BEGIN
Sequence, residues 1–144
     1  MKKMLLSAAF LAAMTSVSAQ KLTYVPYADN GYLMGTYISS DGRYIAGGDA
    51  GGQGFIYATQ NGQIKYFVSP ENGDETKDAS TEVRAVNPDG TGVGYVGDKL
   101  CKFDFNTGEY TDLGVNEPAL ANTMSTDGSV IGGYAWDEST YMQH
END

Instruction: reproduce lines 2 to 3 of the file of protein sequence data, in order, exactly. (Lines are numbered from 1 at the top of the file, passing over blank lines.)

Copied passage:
     1  MKKMLLSAAF LAAMTSVSAQ KLTYVPYADN GYLMGTYISS DGRYIAGGDA
    51  GGQGFIYATQ NGQIKYFVSP ENGDETKDAS TEVRAVNPDG TGVGYVGDKL